Glenn Kessler, the Washington Post’s Fact Checker, Should Stick to Checking Facts [Edited for clarity]

Glenn Kessler, the Washington Post’s Fact Checker, wrote last evening:

The controversy over a statement issued by the U.S. Embassy in Cairo is an interesting example of how words and context matter. State Department officials reportedly tried to dissuade the embassy staffer who wrote it from posting it, but he did so anyway. Nuland’s comment on Thursday is clearly an effort to say that top State Department officials really did not like the statement.

 We had noted on Thursday that the Cairo statement had many of the same elements of previous such statements, but in weaker form. Let’s take a closer look at the statement and why it appeared weak — and then also examine how it has been repeatedly mischaracterized by the Romney campaign as the tragedy in the Middle East unfolded.

“The Embassy of the United States in Cairo condemns the continuing efforts by misguided individuals to hurt the religious feelings of Muslims — as we condemn efforts to offend believers of all religions. Today, the 11th anniversary of the September 11, 2001, terrorist attacks on the United States, Americans are honoring our patriots and those who serve our nation as the fitting response to the enemies of democracy. Respect for religious beliefs is a cornerstone of American democracy. We firmly reject the actions by those who abuse the universal right of free speech to hurt the religious beliefs of others.”

— Embassy statement, issued 6 a.m. EST, some six hours before the attack.

What the statement got wrong: 

1. Unbalanced:   The language on freedom of speech is weak. It is never stated that this is a U.S. right. In fact, freedom of speech is only backhandedly mentioned in the context of people abusing the “universal” right of free speech. Indeed, the statement even seems to suggest that one’s right to free speech is limited when it comes to criticizing a religion.

Compare the language above with this 2006 statement during uproar over the anti-Muslim Danish cartoons: “Freedom of expression is at the core of our democracy and it is something that we have shed blood and treasure around the world to defend and we will continue to do so.”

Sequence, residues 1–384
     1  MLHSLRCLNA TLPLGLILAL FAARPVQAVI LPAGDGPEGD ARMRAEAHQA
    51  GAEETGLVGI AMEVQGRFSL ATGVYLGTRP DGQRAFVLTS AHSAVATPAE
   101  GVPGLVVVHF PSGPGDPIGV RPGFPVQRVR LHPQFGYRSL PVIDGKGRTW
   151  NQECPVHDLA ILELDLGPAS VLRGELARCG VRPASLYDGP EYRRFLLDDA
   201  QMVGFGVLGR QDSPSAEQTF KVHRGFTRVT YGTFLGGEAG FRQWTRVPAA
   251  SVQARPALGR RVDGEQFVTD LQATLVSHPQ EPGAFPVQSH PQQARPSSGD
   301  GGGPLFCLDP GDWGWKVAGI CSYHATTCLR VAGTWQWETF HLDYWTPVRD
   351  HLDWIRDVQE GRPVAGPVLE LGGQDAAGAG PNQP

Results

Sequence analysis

2. Mischosen: The reference to the Sept. 11 attacks seems gratuitous and even a little odd. The mention of the anniversary seems to demean it.

 3. Not Clearly Comprehensible: The message fell flat and was misinterpreted. In the aftermath of the attack, some clearly thought the statement expressed sympathy for the attackers.

The Romney campaign’s repeated errors on the Cairo embassy statement, Glenn Kessler, Washington Post, last evening [Formatting, boldface and italics his]

Wow.  Where to begin? 

Well, how about with Kessler’s assertion that the phrase “the universal right of free speech” is a weakerstatement than one than one that identifies the right of free expression as one that is mainly just ours?  Pardon me, but doesn’t the phrase “the universal right of free speech” suggest that America views a belief that free speech is a basic human right rather than just one that is optional, country by country?  I mean—to adopt Romney’s words—isn’t the issue American values, American principles?  Presumably ones we don’t think should be limited just to America, even though we (some of us, anyway) well understand that we can’t force other countries to adopt that value?

Then there’s the odd request that we compare the language above with this 2006 statement during uproar over the anti-Muslim Danish cartoons.  Which is hard to do unless we know whether the 2006 statement was issued by an embassy staff under duress and fearful of an imminent storming of its perimeters, or instead was issued by the State Department itself after days of angry Muslim protests in the Middle East. 

And what’s with the claim that the “reference to the Sept. 11 attacks seems gratuitous and even a little odd. The mention of the anniversary seems to demean it”?  Really?  Is Kessler sure about that?  He is, after all, supposed to be a fact checker.

But worst of all, I think, is his last assertion, the one in which he says that the message fell flat and “was misinterpreted. In the aftermath of the attack, some clearly thought the statement expressed sympathy for the attackers.”  As a fact checker, he should have mentioned that the “some” who clearly thought the statement expressed sympathy for the attackers” were, y’know, Mitt Romney and other rightwing Republicans—all of whom presumably think that the embassy personnel have powers of clairvoyance.  After all, the statement was made before the attacks occurred.

Kessler would, I’m sure, make a fine (rightwing?) opinion columnist.  But the use of his Fact Checker column as thinly -veiled punditry is—how should I say this?—mischosen.  Not to mention that some of his assertions of fact in that piece are downright bizarre.

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